The mayor also pointed out that not all bad actions meet the requirements for criminal charges.
“Sometimes acts that are morally despicable aren’t as illegal as maybe we think they should be,” Cerino said. “That’s the reality that I am living in when people talk about pressing charges.”
Dolgos said about a week after Nov. 11 he received a call from the college’s Public Safety office about a Nov. 11 incident in which someone yelled racial slurs at a black female student. The slur was yelled out the window of a white pickup truck that was being driven north on Route 213. Police did not further investigate that incident due to receiving the information several days after it allegedly occurred.
On Nov. 23, town police were told about a Nov. 22 incident in which one or more people in an SUV and a white pickup truck driving through campus yelled something out the window; however, what was yelled was not understandable by witnesses. As the vehicles continued through campus, a passenger in the pickup made racial slurs toward two black female students. Police investigated and referred one juvenile to the Maryland Department of Juvenile Services for disturbing the peace and disrupting school activities.
On Feb. 16, town police got another call from public safety about a passenger yelling racial slurs from a vehicle, occupied by four white males, driving through campus. That case is still under investigation.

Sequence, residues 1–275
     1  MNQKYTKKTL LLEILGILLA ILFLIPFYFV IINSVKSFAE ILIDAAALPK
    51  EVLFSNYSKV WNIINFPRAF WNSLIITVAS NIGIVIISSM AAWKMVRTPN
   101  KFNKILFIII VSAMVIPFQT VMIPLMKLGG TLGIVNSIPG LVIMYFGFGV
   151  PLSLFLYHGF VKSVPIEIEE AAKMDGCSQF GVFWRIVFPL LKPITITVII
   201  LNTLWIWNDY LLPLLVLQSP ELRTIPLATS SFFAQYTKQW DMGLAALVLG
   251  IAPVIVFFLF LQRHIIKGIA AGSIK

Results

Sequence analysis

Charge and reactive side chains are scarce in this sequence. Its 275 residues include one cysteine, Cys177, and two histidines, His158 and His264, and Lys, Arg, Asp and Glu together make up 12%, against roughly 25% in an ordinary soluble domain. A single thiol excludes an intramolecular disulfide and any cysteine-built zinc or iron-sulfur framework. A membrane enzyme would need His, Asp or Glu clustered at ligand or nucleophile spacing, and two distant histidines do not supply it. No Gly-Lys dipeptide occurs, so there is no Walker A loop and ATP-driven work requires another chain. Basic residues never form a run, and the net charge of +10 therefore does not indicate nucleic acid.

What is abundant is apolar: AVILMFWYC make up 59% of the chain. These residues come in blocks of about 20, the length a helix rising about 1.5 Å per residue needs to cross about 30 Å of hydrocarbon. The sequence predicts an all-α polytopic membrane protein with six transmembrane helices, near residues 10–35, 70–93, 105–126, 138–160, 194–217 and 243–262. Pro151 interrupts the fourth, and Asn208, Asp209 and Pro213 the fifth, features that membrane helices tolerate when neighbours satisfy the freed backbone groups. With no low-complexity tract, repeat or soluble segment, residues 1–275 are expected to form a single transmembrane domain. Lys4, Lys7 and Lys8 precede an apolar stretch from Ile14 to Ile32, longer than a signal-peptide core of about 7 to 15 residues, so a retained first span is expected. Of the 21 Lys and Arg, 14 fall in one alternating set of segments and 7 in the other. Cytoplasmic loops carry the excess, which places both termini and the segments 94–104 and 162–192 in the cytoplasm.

Public safety investigated another incident on Feb. 20; town police were informed the next day. The report was that a white pickup truck revved its engine as it was driven through the crosswalk on Route 213. No slurs were made and therefore it was not ruled as a racial incident.
Of the two incidents investigated by police, Dolgos said those were “isolated to a group of juveniles using very poor judgment” and there was no indication of any organization or groups being involved.
Washington College senior Paris Mercier, former president of the college’s Black Student Union, said she was pleased by the turnout at the meeting.
Mercier cited five “hate crimes” on campus since October and said those began with the cancellation of a student production of “The Foreigner.”
“From all different corners of Kent County, including media and those commenting on newspaper articles, black students were being told to go somewhere else if they felt unsafe and that the college wasn’t a place for safety,” Mercier said. “This was the start of a heightened sense of fear for all black students and other students of marginalized populations.
“It wasn’t too long before someone acted on the hate that they had expressed,” she said. “Since that first incident that was committed against students in October, black students have had to maintain a heightened sense of awareness when walking to and from any part of our campus once the sun goes down.
“There is a shared sense of trauma that has occurred within our community. Our anger and frustration that we are experiencing doesn’t end with the things that we are personally experiencing at Washington College but it extends to the students in the high school.